- Burns Depression Checklist
- Adverse Childhood Experiences
- Center for Epidemiologic Studies Depression Scale (CES-D)
- Panic Attack Questionnaire
- Patient Health Questionnaire (PHQ-9/GAD-7)
- Relationship Assessment Questionnaire
- Cost Benefit Analysis – Therapeutic worksheet to compare the advantages and disadvantages of keeping our current coping strategy and holding on to our beliefs vs. using our new adaptive coping strategy and adopting a new belief.
- Panic Attack Record – Becoming a detective for your own physical sensations is an important concept in understanding and managing panic.
- What a Panic Attack Log Tells your Therapist – Why is this information useful for therapy? Why is it useful, and what will he/she do with it?
- Post-Therapy Notes – What did you end up talking about with your therapist? What were the main themes and concepts? Were there any important key points that you feel are important? What did you find difficult to talk or think about? What specifically do you want to focus on at your next appointment?
- Smart Goal Worksheet – Setting realistic short-term behavior goals can help you achieve your long-term plans. To do this effectively, you must be aware of the critical difference between having dreams vs. having goals. Dreams are vague, non-specific, and and often lead to frustration and setbacks. Goals are specific, measurable, action oriented, realistic, and have a timeframe for completion (aka “SMART”).
- Socratic Questioning – Cognitive-Behavioral Therapy (CBT) helps us learn to evaluate our thoughts and beliefs by gathering evidence, developing alternative explanations, de-catastrophizing, and using other “Socratic questions”. Use the following questions to help you more clearly and realistically analyze your thoughts.
- Therapy Summary Worksheet – Cognitive-Behavioral Therapy (CBT) works best when you write down your thoughts and insights on the same day after your appointment. This helps you to get the most out of our therapy sessions.
- CBT Simple Thought Record – A basic approach towards increasing awareness of our thoughts and feelings in any given situation.
- CBT Identifying Automatic Thoughts – A therapeutic worksheet designed to help those who are having trouble identifying unhelpful negative thoughts.
- CBT Identifying Emotions and Thoughts – Identifying our thoughts and feelings allows us to have a sense of control over the situations that drive us. This is a solid method in starting to understand the components that are essential in Cognitive-Behavioral Therapy.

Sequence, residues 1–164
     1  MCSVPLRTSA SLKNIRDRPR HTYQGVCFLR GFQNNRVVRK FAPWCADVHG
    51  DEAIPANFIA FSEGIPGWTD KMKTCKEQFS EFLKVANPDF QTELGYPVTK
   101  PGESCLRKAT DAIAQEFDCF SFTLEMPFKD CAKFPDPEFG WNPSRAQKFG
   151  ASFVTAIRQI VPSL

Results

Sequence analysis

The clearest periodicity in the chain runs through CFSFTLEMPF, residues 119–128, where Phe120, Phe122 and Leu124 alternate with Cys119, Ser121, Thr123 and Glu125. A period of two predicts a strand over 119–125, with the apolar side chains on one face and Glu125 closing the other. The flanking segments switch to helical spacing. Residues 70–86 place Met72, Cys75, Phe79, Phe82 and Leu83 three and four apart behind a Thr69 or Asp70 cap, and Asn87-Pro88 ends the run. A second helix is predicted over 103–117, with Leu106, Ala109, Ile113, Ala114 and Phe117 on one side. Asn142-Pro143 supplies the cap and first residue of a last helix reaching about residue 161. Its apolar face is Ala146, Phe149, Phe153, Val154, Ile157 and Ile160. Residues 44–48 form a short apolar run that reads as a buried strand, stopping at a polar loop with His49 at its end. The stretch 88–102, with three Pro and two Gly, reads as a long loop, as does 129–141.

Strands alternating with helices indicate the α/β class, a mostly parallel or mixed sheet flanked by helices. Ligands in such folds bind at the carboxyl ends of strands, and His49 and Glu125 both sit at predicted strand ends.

- CBT Flowchart (Standard) – Understanding the steps involved in our reactions to a situation is critical in gaining perspective, control, and in being able to alter our behavior.
- CBT Flowchart (Basic) – A simplified method for understanding our emotional, behavioral, and physical reactions.
- How Does my Brain Work? – Your brain determines what you think and perceive, how you feel and how you interact with others. When you are depressed, angry, or confused, you may think it is just an emotional problem, but there is more to it.
- What are Neurons and Why do they Matter? – When people talk about neurotransmitters, they are referring to the chemicals used to pass messages from one brain cell (neuron) to another. Neurons do not touch each other, so they are unable to pass the message directly.
- What Happens when Brain Chemicals Get Out of Balance? – Symptoms are related to errors in chemical messaging. If there are problems in the transmission, your brain will signal with emotional symptoms like anxiety or depression. You could also experience problems with concentration, thinking, problem-solving, or relating to others.
- How Does Medication Affect my Brain? – Psychiatric medications can help by adjusting the balance of chemical messengers (neurotransmitters). With every dose of medicine, it works to balance the neurotransmission system. If you stop taking the medication, the imbalance will return.
- What Do Healthy Boundaries Feel Like? – A simple mental health checklist to help remind ourselves that it is not our job to fix others, it is ok if people are angry with us, I have the right to my own feelings, and other important concepts.
- Emergency: 911
- White Bird Crisis Clinic, 541-687-4000. White Bird’s Crisis Center provides 24-hour emergency response for anyone dealing with a mental health crisis, including thoughts of suicide or self-harm.
- Sexual Assault Support Services of Lane County (SASS), 541-343-7277. Crisis and support lines are available 24 hours a day to those who have recently experienced a sexual assault, survivors of past sexual violence, and for friends, families or partners of those victimized by sexual assault or abuse.
- Womenspace, 541-485-6513. 24-hour Help Line for issues of domestic violence/relationship abuse.
- PeaceHealth University District ER: 1255 Hilyard St., Eugene 541-686-7300
- PeaceHealth RiverBend ER: 3333 RiverBend Dr., Springfield 541-222-6931
- Emergency: 911
- National Domestic Violence Hotline: 1- 800-799-7233
- National Suicide Prevention Lifeline: 1-800-273-TALK (8255)
- National Hopeline Network: 1-800-SUICIDE (800-784-2433)
- Self-Harm Hotline: 1-800-DONT CUT (1-800-366-8288)
- Family Violence Helpline: 1-800-996-6228
- Planned Parenthood Hotline: 1-800-230-PLAN (7526)
- American Association of Poison Control Centers: 1-800-222-1222
- National Council on Alcoholism & Drug Dependency Hope Line: 1-800-622-2255
- National Crisis Line – Anorexia and Bulimia: 1-800-233-4357
- GLBT Hotline: 1-888-843-4564
- TREVOR Crisis Hotline: 1-866-488-7386
- AIDS Crisis Line: 1-800-221-7044